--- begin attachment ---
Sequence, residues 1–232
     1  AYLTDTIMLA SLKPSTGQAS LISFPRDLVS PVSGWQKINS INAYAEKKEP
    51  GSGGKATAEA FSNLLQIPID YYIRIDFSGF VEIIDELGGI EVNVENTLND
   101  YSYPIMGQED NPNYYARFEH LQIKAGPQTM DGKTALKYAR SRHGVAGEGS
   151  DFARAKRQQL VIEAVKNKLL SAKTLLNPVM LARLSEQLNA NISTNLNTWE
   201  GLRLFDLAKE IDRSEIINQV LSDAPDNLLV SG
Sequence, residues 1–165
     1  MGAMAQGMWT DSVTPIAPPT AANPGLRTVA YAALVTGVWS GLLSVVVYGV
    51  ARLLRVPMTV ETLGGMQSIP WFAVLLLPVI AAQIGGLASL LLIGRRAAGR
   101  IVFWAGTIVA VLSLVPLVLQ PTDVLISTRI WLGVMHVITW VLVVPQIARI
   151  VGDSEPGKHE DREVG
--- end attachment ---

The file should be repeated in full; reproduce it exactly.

Sequence, residues 1–232
     1  AYLTDTIMLA SLKPSTGQAS LISFPRDLVS PVSGWQKINS INAYAEKKEP
    51  GSGGKATAEA FSNLLQIPID YYIRIDFSGF VEIIDELGGI EVNVENTLND
   101  YSYPIMGQED NPNYYARFEH LQIKAGPQTM DGKTALKYAR SRHGVAGEGS
   151  DFARAKRQQL VIEAVKNKLL SAKTLLNPVM LARLSEQLNA NISTNLNTWE
   201  GLRLFDLAKE IDRSEIINQV LSDAPDNLLV SG
Sequence, residues 1–165
     1  MGAMAQGMWT DSVTPIAPPT AANPGLRTVA YAALVTGVWS GLLSVVVYGV
    51  ARLLRVPMTV ETLGGMQSIP WFAVLLLPVI AAQIGGLASL LLIGRRAAGR
   101  IVFWAGTIVA VLSLVPLVLQ PTDVLISTRI WLGVMHVITW VLVVPQIARI
   151  VGDSEPGKHE DREVG